What Does a Land Trust Do?
Land trusts protect land directly by buying or accepting donations of land or of conservation easements. They also educate the public and advocate for the need to conserve land. They can help landowners tailor a conservation plan to their individual situation and financial circumstances, and determine the property’s conservation values and future ownership. Land trusts like Champlain Area Trails (CATS) are community-based and essential to local needs.
What types of land can be protected by land trusts?
Land trusts protect a variety of lands, but many concentrate their efforts on: Natural habitat for wildlife, fish, and plants such as prairies, forests, bluff lands, or wetlands:
- Watershed areas like lakeshores, rivers, streams, and other natural features Scenic landscapes, particularly those with the local community, cultural or historic significance Working landscapes like farmland and ranch-land have special significance for growing food.
How Does a Land Trust Conserve Land?
Land trusts have many options available to them in order to conserve land. Two of the most popular options are fee simple and conservation easements.
What is a Conservation Easement?
A conservation easement (or conservation restriction) is a legal agreement between a landowner and a land trust or government agency that permanently limits use of the land in order to protect its conservation values. It allows the landowner to continue to own and use the land and to sell it or pass it on to heirs.
A landowner may sell a conservation easement, but usually, easements are donated. If the donation benefits the public by permanently protecting important conservation resources and meets other federal tax code requirements, it can qualify as a tax-deductible charitable donation. The amount of the donation is the difference between the land’s value with the easement and its value without the easement. Placing an easement on the property may or may not result in property tax savings.
Champlain Area Trails is a non-profit organization and an accredited land trust, established in 2009. In its short history, CATS has developed 60 miles of trails. Some of those trails will be part of a 30-mile trail loop between Westport and Essex. CATS is working to create trails that make it possible for people to “Hike the Lake” by walking from hamlet-to-hamlet. CATS long-term plans include extending the trail system to neighboring towns around Lake Champlain and eventually connecting them to trails in the Adirondack Mountains, Vermont, and Quebec.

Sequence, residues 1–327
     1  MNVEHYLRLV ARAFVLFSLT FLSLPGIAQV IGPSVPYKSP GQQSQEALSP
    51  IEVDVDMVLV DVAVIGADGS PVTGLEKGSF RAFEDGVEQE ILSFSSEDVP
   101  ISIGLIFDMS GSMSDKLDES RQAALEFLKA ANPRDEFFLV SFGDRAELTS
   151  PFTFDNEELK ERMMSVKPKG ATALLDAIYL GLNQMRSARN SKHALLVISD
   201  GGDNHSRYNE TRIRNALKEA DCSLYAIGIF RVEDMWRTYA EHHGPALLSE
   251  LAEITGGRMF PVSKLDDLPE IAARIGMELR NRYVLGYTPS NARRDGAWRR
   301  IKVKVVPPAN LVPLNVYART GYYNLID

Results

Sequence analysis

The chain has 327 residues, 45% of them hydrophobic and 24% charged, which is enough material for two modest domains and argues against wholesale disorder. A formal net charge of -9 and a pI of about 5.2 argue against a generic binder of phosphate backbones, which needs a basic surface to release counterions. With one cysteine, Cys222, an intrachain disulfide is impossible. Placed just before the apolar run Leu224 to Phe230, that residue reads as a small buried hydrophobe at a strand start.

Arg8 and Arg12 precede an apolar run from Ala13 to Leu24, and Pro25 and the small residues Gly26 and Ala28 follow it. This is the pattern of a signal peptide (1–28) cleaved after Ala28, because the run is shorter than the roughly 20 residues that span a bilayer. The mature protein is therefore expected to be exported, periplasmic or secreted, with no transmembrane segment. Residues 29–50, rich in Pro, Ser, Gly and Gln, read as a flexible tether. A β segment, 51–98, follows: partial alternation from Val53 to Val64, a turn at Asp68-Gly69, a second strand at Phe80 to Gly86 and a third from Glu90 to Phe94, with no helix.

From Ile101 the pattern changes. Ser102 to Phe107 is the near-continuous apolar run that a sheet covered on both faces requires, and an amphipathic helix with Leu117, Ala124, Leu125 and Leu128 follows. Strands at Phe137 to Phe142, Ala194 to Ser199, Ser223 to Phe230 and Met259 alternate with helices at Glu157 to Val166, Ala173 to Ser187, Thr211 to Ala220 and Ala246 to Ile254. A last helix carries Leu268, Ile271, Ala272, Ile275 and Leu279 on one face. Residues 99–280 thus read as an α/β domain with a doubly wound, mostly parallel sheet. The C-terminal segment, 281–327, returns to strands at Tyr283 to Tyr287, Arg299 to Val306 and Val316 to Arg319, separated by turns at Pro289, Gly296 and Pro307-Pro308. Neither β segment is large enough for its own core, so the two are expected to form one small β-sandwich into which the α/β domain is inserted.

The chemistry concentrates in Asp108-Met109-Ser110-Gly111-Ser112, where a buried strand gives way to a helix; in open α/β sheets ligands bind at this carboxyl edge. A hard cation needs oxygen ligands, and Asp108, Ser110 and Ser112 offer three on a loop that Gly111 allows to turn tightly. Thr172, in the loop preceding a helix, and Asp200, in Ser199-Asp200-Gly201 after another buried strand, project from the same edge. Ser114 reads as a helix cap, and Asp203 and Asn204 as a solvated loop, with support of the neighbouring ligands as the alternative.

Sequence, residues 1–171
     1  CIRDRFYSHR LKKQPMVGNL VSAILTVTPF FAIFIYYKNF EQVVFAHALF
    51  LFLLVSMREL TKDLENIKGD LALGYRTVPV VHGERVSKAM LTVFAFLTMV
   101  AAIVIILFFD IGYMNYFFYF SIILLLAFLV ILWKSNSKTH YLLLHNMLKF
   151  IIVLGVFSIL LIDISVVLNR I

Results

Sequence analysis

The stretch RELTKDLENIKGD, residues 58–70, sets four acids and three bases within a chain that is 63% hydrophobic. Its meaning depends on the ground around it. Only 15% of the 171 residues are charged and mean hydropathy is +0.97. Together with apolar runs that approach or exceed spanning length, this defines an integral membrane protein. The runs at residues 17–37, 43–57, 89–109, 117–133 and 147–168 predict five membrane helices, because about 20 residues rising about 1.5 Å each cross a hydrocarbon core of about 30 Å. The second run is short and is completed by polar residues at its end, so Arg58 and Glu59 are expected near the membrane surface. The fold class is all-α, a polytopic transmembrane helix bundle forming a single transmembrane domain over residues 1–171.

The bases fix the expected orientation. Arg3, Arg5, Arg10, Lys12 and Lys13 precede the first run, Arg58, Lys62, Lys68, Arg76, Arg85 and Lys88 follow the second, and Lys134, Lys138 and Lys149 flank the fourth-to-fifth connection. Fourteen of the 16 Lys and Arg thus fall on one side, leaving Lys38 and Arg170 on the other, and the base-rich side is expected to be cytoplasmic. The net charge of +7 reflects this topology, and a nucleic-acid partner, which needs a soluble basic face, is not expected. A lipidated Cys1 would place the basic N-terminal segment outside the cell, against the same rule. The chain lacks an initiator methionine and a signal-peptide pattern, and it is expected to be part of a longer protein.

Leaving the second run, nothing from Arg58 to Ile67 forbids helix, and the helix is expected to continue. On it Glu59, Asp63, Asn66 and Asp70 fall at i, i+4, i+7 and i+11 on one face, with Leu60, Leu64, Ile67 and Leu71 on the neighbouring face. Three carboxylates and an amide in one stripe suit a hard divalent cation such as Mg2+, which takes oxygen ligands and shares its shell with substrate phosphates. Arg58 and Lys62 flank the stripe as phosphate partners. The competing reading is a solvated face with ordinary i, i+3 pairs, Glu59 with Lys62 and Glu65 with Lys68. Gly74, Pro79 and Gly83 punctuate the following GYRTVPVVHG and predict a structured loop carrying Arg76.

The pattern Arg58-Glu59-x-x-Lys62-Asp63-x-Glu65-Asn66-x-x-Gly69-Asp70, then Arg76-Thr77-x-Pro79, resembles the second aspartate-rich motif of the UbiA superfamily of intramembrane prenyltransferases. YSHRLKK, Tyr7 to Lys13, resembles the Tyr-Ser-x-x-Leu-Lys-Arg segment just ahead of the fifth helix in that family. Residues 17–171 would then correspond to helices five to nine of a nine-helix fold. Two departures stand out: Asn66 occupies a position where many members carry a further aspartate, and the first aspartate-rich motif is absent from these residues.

Enjoyment of CATS’ trails depends on conserving the Valley’s scenic vistas, natural areas, farms, businesses, and communities. The CATS Board recognized this and formed The Champlain Valley Conservation Partnership Project (CVCP) as a program for CATS to protect farms, forests, and clean water, promote local farming, sustainable forestry, and historic hamlets, and develop outdoor education and outdoor recreation-based tourism initiatives. Thus, CATS focuses on trails, and through its CVCP program, it conserves land, increases understanding of nature, promotes outdoor recreation, and enhances economic vitality.
The Champlain Valley is a beautiful landscape of farms, forests, low mountains, charming hamlets, and breathtaking views. Unfortunately, the Valley has little public land and few hiking trails which combine to limit the economic benefits and pleasures of outdoor recreation. CATS is addressing this problem by developing trails, conserving land, and promoting tourism, local farms, and businesses.